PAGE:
US Treasuries suffered a massive sell-off after Powell issued a hawkish signal, with the yield on the five-year note jumping 21 basis points in four days, the biggest year-on-year increase in 20 years. The situation worsened after the release of non-farm data on Friday. Although only 199,000 non-farm payrolls were added in December, far less than expected 450,000, the actual situation is not so bad. The unemployment rate continued to fall to 3.9%, the lowest since February 2020, almost near the Fed’s target unemployment rate of 3.5%, the pre-pandemic level. Meanwhile, the average hourly wage rose 4.7% year-on-year and 0.6% month-on-month.
As the Fed hinted that it would cut pandemic stimulus measures and raise interest rates more aggressively this year, and US bond yields soared, investors sold shares of companies with high valuations and uncertain profit prospects, turning to value and cyclical stocks that will benefit from the economic recovery. The share prices of technology stocks and other high-growth companies have been particularly affected by higher bond yields, which means that higher debt costs could hamper cash flow growth. The recent data shows that hedge funds are selling growth technology stocks at their fastest pace in more than a decade. The technology-heavy Nasdaq composite index fell 4.5% in the first week of 2022, underperforming the S&P 500.
The start of 2022 looks a lot like 2021. At that time, driven by strong taper expectations, US bond yields soared, the global market set off a bloodshed, and a crazy rotation switch kicked off. This year, deja vu is happening again. Global bonds collapsed, expensive technology stocks were sold off sharply, and value strategies began to advance by leaps and bounds, as the Federal Reserve sends a signal to speed up monetary tightening. This week inflation-adjusted bond yields rose the most since March 2020.
Nasdaq fell 4.5%, the biggest drop since February. The Dow Jones industrial average, which is dominated by traditional companies, fell just 0.3%.
Looking back at the market trend last year, this scene seems to be a flash in the pan. Under the background of the resurgence of the COVID-19 epidemic and the supply chain crisis disrupting the global economic recovery, US bond yields began to fall, and tracks with bright prospects such as new energy, semiconductors and high technology have regained popularity.
But this year, the situation seems to have changed. The Federal Reserve is becoming more and more determined to fight inflation. No longer cling to the temporary rhetoric of inflation, interest rate hikes are close at hand. The Fed also discussed the shrinking of its almost $9trn balance sheet, which grew rapidly during the pandemic. So not just tapering, even shrinking the balance sheet is on the agenda, and there is growing confidence that the shift is likely to continue. The market has reassessed the risk of monetary tightening.
Real interest rates in the US remained stubbornly low at the beginning of last year, even as the Federal Reserve began to hint at a scaling back of its bond-buying program, but real interest rates have been rising this week. This sell-off is based on real interest rates, which tends to trigger a reaction from the stock market. This is not a one or two-day shift but may be the beginning of a 6-12-month shift from growth to value stocks.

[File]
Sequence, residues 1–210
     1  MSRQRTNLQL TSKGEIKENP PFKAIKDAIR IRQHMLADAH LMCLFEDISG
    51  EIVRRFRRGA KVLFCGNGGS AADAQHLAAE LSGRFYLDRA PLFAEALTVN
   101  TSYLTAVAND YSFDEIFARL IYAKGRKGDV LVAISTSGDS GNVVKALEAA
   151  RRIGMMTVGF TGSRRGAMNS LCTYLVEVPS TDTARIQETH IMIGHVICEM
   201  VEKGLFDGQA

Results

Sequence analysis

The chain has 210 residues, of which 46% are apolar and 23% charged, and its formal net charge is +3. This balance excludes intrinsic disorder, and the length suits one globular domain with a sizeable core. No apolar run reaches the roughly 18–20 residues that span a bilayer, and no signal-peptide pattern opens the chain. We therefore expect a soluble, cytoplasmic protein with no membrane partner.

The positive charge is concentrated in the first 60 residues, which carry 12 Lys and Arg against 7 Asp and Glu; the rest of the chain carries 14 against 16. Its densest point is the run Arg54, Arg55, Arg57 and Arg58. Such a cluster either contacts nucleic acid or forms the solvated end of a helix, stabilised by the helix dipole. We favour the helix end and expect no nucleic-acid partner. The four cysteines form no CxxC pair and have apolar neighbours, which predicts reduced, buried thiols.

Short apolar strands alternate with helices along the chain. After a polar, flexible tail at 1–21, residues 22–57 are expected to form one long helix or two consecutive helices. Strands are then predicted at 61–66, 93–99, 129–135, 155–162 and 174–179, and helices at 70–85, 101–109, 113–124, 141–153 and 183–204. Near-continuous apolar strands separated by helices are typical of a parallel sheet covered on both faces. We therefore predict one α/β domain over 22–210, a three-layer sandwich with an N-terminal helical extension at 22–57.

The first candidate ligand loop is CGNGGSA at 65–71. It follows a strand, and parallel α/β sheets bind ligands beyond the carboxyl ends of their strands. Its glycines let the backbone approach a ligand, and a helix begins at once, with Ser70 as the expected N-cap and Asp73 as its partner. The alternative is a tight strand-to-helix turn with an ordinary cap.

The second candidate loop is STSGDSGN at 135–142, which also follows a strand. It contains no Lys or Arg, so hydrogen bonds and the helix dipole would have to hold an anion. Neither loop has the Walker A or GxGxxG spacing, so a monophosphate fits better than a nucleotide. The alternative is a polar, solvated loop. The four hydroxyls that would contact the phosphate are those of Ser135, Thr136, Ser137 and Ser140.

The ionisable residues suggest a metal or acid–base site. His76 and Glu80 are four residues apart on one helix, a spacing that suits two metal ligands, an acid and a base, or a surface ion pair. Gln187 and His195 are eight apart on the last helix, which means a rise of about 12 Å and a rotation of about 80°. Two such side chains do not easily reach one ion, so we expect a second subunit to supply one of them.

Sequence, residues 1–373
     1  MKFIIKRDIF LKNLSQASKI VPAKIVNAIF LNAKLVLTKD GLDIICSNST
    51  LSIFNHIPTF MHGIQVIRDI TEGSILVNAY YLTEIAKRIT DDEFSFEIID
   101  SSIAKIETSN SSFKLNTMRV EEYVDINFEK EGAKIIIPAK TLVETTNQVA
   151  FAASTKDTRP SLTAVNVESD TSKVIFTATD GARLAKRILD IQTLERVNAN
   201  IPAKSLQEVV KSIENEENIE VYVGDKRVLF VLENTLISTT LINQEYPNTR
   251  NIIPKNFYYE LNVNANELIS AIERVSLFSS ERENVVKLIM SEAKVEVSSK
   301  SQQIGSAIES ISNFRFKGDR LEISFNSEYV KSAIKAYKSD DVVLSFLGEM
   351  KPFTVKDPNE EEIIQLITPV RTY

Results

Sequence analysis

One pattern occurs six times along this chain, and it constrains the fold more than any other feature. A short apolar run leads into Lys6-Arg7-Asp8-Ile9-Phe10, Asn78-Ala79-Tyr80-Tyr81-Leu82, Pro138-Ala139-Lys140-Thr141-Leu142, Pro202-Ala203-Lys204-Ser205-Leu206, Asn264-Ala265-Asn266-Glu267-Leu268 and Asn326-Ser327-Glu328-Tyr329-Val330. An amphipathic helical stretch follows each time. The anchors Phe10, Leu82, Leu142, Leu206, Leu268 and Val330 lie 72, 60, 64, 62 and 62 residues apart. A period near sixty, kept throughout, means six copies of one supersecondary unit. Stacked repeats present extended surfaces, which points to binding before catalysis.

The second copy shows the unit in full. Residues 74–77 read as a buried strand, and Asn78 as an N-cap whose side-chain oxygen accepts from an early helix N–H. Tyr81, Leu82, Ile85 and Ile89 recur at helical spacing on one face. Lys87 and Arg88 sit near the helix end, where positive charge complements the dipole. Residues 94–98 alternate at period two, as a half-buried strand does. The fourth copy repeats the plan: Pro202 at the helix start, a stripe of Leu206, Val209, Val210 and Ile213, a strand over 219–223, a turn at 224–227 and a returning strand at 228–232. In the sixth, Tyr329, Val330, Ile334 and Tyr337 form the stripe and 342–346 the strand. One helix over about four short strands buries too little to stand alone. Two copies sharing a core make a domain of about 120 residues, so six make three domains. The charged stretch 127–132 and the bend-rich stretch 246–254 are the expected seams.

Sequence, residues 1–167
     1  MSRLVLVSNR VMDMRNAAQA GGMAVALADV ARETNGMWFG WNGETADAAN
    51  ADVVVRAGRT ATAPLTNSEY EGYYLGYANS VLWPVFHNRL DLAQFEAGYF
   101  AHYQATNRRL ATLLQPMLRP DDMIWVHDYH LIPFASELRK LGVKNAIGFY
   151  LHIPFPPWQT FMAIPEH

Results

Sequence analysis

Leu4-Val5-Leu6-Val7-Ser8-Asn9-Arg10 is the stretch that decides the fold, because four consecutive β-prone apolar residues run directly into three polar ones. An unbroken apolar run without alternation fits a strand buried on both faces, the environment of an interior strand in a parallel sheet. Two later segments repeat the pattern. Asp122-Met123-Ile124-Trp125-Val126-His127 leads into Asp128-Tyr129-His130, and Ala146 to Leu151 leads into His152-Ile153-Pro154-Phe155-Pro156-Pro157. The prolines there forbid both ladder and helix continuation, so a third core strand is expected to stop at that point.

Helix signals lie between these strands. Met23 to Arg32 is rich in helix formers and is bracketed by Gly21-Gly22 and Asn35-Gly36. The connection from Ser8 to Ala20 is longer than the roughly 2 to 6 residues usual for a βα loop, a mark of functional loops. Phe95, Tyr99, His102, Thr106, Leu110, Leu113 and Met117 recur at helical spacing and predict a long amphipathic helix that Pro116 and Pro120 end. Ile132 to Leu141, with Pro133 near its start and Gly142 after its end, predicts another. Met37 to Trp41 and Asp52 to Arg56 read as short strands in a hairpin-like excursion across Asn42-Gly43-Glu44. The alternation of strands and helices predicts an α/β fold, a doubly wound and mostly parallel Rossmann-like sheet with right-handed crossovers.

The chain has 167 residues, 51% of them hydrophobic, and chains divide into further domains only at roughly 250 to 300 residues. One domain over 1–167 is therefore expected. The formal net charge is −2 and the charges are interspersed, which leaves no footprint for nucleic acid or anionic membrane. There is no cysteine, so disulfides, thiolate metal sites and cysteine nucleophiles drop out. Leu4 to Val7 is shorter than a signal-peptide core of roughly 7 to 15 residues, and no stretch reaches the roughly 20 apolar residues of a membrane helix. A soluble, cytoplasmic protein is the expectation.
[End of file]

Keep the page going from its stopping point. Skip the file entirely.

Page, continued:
Can the global stock market still take the lead in 2022 over bonds? We believe so. As the Federal Reserve tightens monetary policy, US sovereign bond interest rates will rise in 2022 with interest rate increases expected, and 10-year bond rates may reach 2% by the end of 2022. However, real interest rates will remain negative, meaning that real bond yields will remain negative, or will continue to support the performance of risky assets such as stock markets.
Compared with growth stocks, value stocks tend to be more cyclical and provide stable dividends. Just a month ago, global value stocks were valued at their lowest relative to growth stocks since 2000. Although the gap has narrowed slightly since then, the huge gap still makes internal stock market volatility more sensitive to bond movements.
In 2021, the excess return of the market will come from earnings. In 2022, more of the excess return of the market could come from valuation repair. Analysts argue that the essence of ROE (Return on Equity) or G (Growth) lies in differences over the future market risk adjustment.
In 2022, investors should focus on high-growth and high-margin stocks and avoid companies that are more affected by wage inflation. Most active fund managers missed the stock market’s “excellence” 2021. Some may point out that these fund managers did not find good investment opportunities last year because volatility and market breadth were lower than the historical average. From a profit point of view, a slowdown in economic growth will limit the sales growth of many companies. Therefore, when observed through the profit margin channel, the difference in stock returns will be the most obvious. Be aware of rising input costs and labour inflation will put pressure on some companies’ profit margins. Stocks with high labour cost ratios and affected by wage inflation may underperform. Companies with low labour costs such as Apple, Netflix, Coca-Cola, PayPal etc.